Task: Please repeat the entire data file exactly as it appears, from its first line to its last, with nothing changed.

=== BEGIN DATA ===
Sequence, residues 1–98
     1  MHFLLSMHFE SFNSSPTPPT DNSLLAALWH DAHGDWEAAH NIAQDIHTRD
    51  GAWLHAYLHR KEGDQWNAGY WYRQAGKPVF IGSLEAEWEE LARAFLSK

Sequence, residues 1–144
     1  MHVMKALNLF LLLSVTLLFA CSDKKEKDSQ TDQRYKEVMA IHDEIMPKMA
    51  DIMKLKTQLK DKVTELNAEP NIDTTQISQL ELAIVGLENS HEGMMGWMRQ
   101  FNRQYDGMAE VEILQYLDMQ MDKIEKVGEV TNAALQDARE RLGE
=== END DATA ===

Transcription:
Sequence, residues 1–98
     1  MHFLLSMHFE SFNSSPTPPT DNSLLAALWH DAHGDWEAAH NIAQDIHTRD
    51  GAWLHAYLHR KEGDQWNAGY WYRQAGKPVF IGSLEAEWEE LARAFLSK

Sequence, residues 1–144
     1  MHVMKALNLF LLLSVTLLFA CSDKKEKDSQ TDQRYKEVMA IHDEIMPKMA
    51  DIMKLKTQLK DKVTELNAEP NIDTTQISQL ELAIVGLENS HEGMMGWMRQ
   101  FNRQYDGMAE VEILQYLDMQ MDKIEKVGEV TNAALQDARE RLGE